Just as my English has a “chameleon” quality (see “Can you drop the Indian accent?”), I’m often asked “How come you don’t have an accent in Hindi?”
Usually I explain that I have lived in India for more than a decade, studied Hindi in Delhi for a year augmented mid-way by a very helpful 6-week stint at the Landour Language School (near Mussourie).
What follows is generally “Aaah! That explains it!” type response. Because the ‘real’ Hindi is naturally from North India!
Yet I’m aware that my vocabulary has shifted between what is typically heard in Delhi to ‘Mumbaya’ words. And has deteriorated abysmally as my universe in Bombay is almost exclusively English.
When I lived in Delhi (1995-96, 2003-05) there were multiple daily opportunities to speak Hindi or at least ‘Hinglish‘ – in which one switches effortlessly between English, Hindi, blending words from each language. Today, I’m honest enough to know that when folks complement my Hindi, they are being terribly kind – even I can hear how badly I mess up!
However I have a few perspectives on this… and wonder if anyone else agrees?
The accent ‘trick’ – get as close as you can!
The trick. I think, is the accent – which DOES make a significant difference to effective communication. Even with poor grammar and limited vocabulary, if at least part of what is said SOUNDS close to the correct ‘accent’ (ie a tiny bit closer to how the words are pronounced by a native speaker), the results are pretty good!
However, if the pronunciation is ‘off’ or not quite right, quizzical looks and frustration is more apt to be the response even if the grammar and vocabulary is technically correct. A German friend is Professor of Hindi and, naturally, completely fluent in Hindi. And yet, her strong German ‘accent’ in Hindi sometimes ‘interferes’ with comprehension. Occasionally, it takes me a few seconds for the synapses to go “Got it! That’s what she just said!”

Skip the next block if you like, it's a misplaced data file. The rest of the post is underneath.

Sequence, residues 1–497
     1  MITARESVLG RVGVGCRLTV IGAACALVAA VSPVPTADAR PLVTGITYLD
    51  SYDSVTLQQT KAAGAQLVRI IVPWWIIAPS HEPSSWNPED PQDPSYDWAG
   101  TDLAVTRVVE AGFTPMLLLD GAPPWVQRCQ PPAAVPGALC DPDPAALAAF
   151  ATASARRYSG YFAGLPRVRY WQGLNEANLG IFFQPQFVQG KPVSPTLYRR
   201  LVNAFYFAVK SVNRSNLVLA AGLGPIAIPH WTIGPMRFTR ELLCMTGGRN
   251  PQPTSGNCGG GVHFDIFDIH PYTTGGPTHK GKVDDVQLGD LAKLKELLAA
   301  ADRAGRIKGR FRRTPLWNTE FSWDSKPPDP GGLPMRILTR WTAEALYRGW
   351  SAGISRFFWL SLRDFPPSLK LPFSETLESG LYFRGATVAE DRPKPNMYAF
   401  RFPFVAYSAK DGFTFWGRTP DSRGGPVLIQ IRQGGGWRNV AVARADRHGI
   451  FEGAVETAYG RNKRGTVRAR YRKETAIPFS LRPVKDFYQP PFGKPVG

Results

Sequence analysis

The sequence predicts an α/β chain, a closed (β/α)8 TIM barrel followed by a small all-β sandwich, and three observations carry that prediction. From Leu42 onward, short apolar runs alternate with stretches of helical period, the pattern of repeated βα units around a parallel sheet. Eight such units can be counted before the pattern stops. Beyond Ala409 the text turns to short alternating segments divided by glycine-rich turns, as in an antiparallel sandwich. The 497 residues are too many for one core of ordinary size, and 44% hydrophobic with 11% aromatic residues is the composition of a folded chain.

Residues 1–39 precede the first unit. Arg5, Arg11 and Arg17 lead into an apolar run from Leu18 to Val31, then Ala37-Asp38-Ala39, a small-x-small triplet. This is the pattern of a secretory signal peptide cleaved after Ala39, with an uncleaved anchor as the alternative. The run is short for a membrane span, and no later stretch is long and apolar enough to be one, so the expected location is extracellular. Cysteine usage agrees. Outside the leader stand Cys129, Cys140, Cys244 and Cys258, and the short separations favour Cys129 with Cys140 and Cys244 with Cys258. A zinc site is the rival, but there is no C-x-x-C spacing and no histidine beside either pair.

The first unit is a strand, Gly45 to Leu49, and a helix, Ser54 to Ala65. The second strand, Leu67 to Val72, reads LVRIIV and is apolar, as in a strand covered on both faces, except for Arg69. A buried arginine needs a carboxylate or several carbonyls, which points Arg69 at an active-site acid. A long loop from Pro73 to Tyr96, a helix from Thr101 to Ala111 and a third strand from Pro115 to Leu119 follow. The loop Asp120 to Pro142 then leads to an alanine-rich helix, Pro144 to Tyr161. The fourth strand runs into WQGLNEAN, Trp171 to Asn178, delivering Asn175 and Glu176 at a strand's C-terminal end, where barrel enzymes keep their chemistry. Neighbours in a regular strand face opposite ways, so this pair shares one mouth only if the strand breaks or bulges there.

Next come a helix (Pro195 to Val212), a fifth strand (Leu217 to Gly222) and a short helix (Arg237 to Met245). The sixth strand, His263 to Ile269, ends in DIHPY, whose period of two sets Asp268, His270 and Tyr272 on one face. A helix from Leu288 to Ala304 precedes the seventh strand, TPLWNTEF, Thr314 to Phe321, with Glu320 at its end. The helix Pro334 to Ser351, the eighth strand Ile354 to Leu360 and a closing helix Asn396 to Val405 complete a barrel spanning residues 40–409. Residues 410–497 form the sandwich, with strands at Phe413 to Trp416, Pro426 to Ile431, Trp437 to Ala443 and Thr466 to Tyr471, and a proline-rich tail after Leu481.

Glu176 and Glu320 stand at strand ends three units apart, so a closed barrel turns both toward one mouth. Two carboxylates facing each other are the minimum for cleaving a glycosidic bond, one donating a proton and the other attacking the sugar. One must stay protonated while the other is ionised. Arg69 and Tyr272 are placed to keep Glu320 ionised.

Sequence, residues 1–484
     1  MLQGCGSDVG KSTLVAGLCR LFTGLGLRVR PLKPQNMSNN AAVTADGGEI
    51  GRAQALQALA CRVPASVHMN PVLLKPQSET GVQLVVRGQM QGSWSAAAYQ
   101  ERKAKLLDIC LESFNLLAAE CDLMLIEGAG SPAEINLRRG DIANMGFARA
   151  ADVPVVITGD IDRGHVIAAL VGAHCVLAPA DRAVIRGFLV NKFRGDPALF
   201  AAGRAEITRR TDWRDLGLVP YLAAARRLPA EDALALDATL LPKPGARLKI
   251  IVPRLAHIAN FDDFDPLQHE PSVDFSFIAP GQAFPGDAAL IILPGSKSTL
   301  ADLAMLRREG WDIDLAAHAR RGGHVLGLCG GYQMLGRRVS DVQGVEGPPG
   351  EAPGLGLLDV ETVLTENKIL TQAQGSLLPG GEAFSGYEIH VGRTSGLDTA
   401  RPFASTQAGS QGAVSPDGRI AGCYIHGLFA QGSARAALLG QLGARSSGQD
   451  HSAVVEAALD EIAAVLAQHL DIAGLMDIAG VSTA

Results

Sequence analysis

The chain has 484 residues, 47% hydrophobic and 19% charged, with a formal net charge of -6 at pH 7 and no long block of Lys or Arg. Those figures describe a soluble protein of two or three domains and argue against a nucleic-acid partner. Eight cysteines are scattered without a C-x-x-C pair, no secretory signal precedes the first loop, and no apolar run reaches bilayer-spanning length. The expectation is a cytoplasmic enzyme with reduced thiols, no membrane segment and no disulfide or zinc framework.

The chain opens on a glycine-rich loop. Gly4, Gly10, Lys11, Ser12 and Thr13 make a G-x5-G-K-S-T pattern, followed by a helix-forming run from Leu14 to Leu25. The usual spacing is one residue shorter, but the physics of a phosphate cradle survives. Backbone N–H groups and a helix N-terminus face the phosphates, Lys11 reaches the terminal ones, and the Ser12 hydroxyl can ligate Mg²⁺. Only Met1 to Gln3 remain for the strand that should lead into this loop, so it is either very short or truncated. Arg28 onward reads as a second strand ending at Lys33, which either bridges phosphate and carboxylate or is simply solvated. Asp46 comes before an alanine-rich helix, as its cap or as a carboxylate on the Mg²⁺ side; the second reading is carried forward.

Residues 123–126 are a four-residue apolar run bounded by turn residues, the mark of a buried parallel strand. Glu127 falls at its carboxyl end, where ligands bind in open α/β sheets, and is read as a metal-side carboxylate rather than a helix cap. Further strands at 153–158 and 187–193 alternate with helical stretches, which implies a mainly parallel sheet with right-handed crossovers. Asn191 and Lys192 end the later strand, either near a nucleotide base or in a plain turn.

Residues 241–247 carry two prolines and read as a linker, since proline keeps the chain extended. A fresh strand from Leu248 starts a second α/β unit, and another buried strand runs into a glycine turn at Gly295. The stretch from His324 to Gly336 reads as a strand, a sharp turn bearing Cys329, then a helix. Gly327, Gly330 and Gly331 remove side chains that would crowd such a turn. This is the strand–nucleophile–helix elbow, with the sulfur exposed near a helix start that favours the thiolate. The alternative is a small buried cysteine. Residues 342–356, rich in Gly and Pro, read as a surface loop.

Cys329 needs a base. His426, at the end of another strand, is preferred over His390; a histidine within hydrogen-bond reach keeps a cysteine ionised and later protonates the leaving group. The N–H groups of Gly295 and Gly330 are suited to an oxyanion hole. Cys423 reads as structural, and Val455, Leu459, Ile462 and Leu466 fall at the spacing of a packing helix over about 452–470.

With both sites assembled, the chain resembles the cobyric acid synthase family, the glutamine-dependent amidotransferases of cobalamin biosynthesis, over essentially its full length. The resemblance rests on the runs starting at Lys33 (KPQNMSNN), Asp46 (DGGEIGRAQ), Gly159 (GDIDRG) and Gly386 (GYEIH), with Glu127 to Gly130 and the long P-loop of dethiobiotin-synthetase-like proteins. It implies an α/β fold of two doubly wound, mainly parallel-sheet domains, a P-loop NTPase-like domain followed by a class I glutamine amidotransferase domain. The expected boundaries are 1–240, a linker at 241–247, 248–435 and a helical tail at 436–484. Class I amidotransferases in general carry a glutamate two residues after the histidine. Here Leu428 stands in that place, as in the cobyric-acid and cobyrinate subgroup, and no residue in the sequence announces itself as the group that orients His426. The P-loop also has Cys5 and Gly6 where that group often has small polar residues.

This is compounded in some languages where intonation is everything and radically changes the meaning – often with hilarious or highly embarrassing mistakes!
For me, accents are a reflection of the variety and richness of a language with a window into a particular culture. The different nuance or flavour that comes with the accent of a particular part of the world or community brings a wealth of insight, triggers memories and more. When I speak with anyone from the Canadian prairies, I’m instantly transported to the ‘home’ of my birth. Similarly, as I meet people from a place I’ve spent time, their accent is a miniature plane / train / car trip to both the place and memories of it.
In a recent interview in Jakarta, one candidate mentioned how he lived in France as a child. When he wanted to back to school to get another degree, did so in French. He joked “My French accent is better than my English.” And honestly, in my humble opinion he was 100% correct. I could ‘hear’ Paris when he spoke French. As for his English…. not exactly fluent. However who am I to judge with only 2 – 3 words of Bahasa!?
Fe… Fi… Fo.. Fum… Faking French
With French, I rarely get an opportunity to practice these days. And, in Asia, it is most likely to be someone from France. Having studied in Cannes long ago, there was a time I could attempt (fake?) that accent. However, I must confess, I spent more time that spring enjoying the free passes to the Cannes International Film Festival than truly mastering French!
Today, my paltry French has rather garbled grammar and atrocious vocabulary as Hindi words keep popping into my head where French used to reside. Who knows what my French ‘accent’ is these days!?
Which is what made our July trip to Canada so delightful! In the ‘Green Room’ at the Winnipeg Folk Festival, several of the musicians were from Quebec. Ahhhh…. It was music to my ears and brought back a flood of memories from living in Montreal!
Yet while I could understand most of what was said and rejoiced in the familiar sounds of Quebec French, found it a more than a bit challenging to slip back into a Quebecois accent. Yup! Gotta admit, just too rusty to do justice.
Even if I can’t fake French anymore, will leave you with a taste of my favourite francophones from the festival – d’Harmo – a quartet of mad, fun, guys playing harmonium…
PS This post was prompted by a friend’s post “My Mandarin Accent” sharing her Taiwanese influenced beginnings replaced by Shanghai sounds and words. And how she was reminded of the distinction during a recent trip to Taiwan.
Comments and counter-arguments welcome!
- “Can you drop the Indian accent?”
- Winnipeg Folk Festival – Part 1
- Hinglish (deniseburchette.wordpress.com)
- Hinglish (photosandstoriesfromwhereiam.wordpress.com)